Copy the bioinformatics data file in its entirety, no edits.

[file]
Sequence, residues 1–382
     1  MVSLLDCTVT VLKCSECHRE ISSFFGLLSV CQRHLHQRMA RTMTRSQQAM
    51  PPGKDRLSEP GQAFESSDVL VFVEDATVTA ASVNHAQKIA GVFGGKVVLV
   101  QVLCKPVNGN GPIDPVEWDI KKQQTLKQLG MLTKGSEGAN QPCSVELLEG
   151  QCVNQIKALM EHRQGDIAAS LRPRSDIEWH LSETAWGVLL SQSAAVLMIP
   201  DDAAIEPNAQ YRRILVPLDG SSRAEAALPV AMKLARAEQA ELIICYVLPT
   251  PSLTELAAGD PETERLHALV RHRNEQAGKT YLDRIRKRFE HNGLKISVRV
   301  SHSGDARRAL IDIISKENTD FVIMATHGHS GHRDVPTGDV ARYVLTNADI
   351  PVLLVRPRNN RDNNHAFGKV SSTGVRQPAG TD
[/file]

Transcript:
Sequence, residues 1–382
     1  MVSLLDCTVT VLKCSECHRE ISSFFGLLSV CQRHLHQRMA RTMTRSQQAM
    51  PPGKDRLSEP GQAFESSDVL VFVEDATVTA ASVNHAQKIA GVFGGKVVLV
   101  QVLCKPVNGN GPIDPVEWDI KKQQTLKQLG MLTKGSEGAN QPCSVELLEG
   151  QCVNQIKALM EHRQGDIAAS LRPRSDIEWH LSETAWGVLL SQSAAVLMIP
   201  DDAAIEPNAQ YRRILVPLDG SSRAEAALPV AMKLARAEQA ELIICYVLPT
   251  PSLTELAAGD PETERLHALV RHRNEQAGKT YLDRIRKRFE HNGLKISVRV
   301  SHSGDARRAL IDIISKENTD FVIMATHGHS GHRDVPTGDV ARYVLTNADI
   351  PVLLVRPRNN RDNNHAFGKV SSTGVRQPAG TD